to the corresponding ROM holes. Do not solder pin 30 to anything; leave it sticking out.
This is what the board should look like now. To summarize, the first SRAM chip is placed on the front side of the board and soldered on the reverse side in the usual fashion:
The second SRAM chip, with its pins inverted and snipped, is turned upside down and soldered directly onto the reverse side of the board:
All of the pin connections (except pin 30) are thus common to both SRAM chips. If you've been paying attention so far, pin 30 (on both chips) should not be soldered to anything yet - these connections will be made later!
The next stage is to add the 7673 battery backup watchdog chip, an 8 pin IC. Bend up pins 1 and 3 so they are sticking out, as shown in the photo:
Then, solder pins 2 and 4 respectively into the lower and upper holes intended for C4, like below:
Make sure the 7673 itself is as close to the board as possible (preferably touching it) - if components are too high off the board, then the board may not fit back into the cartridge shell. It's a good idea, after each step, to place the board back in the cartridge casing to make sure it will fit.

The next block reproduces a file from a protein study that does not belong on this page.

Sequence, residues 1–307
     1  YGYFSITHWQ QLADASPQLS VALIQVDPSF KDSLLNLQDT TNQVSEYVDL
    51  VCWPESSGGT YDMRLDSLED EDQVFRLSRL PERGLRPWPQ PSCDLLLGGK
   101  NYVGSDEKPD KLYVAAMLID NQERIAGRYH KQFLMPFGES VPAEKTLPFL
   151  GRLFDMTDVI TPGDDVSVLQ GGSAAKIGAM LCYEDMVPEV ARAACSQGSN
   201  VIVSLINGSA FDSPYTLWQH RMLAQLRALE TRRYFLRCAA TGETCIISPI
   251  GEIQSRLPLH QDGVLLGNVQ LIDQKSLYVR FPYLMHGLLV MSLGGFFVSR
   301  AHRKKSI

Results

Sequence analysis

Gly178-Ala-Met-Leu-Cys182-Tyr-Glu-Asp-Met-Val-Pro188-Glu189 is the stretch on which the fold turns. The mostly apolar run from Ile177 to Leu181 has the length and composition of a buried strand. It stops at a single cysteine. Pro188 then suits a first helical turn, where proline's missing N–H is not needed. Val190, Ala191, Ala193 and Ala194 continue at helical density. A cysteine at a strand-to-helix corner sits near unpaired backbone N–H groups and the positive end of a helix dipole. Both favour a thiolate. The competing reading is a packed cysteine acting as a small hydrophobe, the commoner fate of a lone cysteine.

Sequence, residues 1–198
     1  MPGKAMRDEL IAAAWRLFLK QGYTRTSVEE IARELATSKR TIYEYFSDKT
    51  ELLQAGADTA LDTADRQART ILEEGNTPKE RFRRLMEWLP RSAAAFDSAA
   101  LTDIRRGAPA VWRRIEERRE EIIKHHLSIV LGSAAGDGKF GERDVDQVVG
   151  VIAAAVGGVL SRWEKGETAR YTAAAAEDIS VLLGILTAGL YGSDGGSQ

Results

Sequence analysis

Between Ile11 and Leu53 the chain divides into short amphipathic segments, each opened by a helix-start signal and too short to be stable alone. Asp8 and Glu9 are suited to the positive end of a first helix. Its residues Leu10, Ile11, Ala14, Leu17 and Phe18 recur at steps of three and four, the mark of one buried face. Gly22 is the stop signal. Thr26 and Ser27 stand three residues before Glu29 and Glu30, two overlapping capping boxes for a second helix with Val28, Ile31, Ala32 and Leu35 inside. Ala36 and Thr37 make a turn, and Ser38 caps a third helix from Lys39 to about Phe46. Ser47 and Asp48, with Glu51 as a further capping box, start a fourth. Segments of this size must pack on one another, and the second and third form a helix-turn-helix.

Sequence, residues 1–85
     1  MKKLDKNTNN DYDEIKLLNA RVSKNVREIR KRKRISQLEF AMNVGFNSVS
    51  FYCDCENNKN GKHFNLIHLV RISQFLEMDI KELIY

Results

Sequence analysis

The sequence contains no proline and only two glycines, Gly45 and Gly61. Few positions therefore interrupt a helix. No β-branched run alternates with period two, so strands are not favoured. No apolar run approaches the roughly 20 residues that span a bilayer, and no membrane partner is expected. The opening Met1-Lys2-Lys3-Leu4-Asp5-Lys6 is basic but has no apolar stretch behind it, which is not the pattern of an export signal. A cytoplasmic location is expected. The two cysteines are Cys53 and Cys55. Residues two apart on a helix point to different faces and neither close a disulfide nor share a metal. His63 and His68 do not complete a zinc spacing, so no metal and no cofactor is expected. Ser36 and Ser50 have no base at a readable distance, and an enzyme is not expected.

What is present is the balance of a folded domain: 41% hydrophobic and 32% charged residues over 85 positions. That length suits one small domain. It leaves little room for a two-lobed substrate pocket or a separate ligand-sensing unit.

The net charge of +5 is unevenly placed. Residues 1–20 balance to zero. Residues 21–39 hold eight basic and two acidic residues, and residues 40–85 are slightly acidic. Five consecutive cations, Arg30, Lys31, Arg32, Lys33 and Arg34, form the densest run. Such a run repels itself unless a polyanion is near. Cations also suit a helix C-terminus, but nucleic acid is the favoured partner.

Now solder the 2.2kohm pull-up resistor between pins 6 and 1 of the 7673. The one shown is a micro-miniature type - a standard resistor is fine, but is a tighter squeeze!
Remove the 4001 IC from its box. Lift all of the pins so they are parallel with the chip body, and cut each of them to a length of 3mm or so. Now using some wire, connect the following four sets of pins together: